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Acad Med. 2015 Apr;90(4):421-4. doi: 10.1097/ACM.0000000000000545.

Defining competencies for education in health care value: recommendations from the University of California, San Francisco Center for Healthcare Value Training Initiative.

Author information

  • 1Dr. Moriates is assistant clinical professor of medicine, University of California, San Francisco School of Medicine, San Francisco, California. Dr. Dohan is professor of health policy and social medicine, Philip R. Lee Institute for Health Policy Studies, University of California, San Francisco School of Medicine, San Francisco, California. Dr. Spetz is professor of health policy, Philip R. Lee Institute for Health Policy Studies, and associate director for research strategy, Center for the Health Professions, University of California, San Francisco School of Medicine, San Francisco, California. Dr. Sawaya is professor of obstetrics, gynecology and reproductive science, and of epidemiology and biostatistics, University of California, San Francisco School of Medicine, San Francisco, California.

Abstract

Leaders in medical education have increasingly called for the incorporation of cost awareness and health care value into health professions curricula. Emerging efforts have thus far focused on physicians, but foundational competencies need to be defined related to health care value that span all health professions and stages of training. The University of California, San Francisco (UCSF) Center for Healthcare Value launched an initiative in 2012 that engaged a group of educators from all four health professions schools at UCSF: Dentistry, Medicine, Nursing, and Pharmacy. This group created and agreed on a multidisciplinary set of comprehensive competencies related to health care value. The term "competency" was used to describe components within the larger domain of providing high-value care. The group then classified the competencies as beginner, proficient, or expert level through an iterative process and group consensus. The group articulated 21 competencies. The beginner competencies include basic principles of health policy, health care delivery, health costs, and insurance. Proficient competencies include real-world applications of concepts to clinical situations, primarily related to the care of individual patients. The expert competencies focus primarily on systems-level design, advocacy, mentorship, and policy. These competencies aim to identify a standard that may help inform the development of curricula across health professions training. These competencies could be translated into the learning objectives and evaluation methods of resources to teach health care value, and they should be considered in educational settings for health care professionals at all levels of training and across a variety of specialties.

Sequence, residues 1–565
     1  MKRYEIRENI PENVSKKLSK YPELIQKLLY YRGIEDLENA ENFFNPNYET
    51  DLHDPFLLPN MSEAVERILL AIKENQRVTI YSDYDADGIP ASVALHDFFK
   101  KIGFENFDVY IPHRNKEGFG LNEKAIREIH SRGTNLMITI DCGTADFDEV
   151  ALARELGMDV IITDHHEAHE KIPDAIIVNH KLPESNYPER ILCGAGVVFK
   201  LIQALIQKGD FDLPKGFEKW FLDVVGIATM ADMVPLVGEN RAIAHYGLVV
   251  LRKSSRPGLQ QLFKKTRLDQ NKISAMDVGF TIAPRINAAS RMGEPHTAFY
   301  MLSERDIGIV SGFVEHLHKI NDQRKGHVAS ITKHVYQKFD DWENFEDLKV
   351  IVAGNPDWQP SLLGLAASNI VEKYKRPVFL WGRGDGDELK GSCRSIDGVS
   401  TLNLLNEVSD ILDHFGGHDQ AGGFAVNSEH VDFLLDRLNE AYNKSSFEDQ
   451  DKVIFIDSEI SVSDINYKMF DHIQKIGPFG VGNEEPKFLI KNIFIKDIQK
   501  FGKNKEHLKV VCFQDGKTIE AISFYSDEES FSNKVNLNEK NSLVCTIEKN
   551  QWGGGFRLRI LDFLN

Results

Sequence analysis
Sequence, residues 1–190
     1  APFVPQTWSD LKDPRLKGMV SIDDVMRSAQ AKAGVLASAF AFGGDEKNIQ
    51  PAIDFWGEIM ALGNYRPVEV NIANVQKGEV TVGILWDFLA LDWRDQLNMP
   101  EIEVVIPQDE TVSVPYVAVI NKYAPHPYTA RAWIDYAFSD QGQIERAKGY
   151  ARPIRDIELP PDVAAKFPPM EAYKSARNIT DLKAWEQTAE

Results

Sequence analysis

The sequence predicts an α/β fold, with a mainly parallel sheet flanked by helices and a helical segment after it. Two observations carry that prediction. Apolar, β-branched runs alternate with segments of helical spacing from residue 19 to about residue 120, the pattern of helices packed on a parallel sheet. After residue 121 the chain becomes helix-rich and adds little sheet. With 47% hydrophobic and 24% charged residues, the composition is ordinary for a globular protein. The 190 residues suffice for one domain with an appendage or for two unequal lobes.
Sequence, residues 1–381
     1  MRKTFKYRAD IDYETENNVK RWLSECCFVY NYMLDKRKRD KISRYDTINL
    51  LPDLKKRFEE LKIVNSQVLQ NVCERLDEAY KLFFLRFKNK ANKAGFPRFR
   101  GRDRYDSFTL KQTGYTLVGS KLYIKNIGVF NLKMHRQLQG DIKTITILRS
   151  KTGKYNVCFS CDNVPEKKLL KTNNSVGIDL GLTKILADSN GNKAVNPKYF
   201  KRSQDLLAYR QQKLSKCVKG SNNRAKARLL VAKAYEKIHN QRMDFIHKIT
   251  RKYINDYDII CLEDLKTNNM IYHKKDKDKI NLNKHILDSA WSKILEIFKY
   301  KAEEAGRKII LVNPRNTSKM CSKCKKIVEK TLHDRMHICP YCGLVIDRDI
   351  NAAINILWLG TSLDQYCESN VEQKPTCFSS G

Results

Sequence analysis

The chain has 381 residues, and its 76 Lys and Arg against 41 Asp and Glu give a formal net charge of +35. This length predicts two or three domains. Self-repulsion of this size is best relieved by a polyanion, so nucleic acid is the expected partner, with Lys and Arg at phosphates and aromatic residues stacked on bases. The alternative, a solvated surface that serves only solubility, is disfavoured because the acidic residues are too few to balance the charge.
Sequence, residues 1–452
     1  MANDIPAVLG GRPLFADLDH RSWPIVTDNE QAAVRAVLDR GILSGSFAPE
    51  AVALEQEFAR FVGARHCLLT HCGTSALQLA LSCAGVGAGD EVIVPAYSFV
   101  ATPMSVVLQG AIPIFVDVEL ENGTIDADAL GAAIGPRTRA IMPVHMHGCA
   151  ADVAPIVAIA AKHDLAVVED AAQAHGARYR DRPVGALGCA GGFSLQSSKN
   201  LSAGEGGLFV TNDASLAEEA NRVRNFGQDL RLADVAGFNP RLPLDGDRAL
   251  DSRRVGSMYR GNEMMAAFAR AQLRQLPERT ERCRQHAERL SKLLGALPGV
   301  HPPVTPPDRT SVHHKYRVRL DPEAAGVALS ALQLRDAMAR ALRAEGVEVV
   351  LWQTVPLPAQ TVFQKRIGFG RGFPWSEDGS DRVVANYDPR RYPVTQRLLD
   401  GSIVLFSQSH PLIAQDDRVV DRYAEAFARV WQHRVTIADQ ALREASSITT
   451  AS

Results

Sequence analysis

PMID:
25354077
DOI:
10.1097/ACM.0000000000000545
[PubMed - indexed for MEDLINE]
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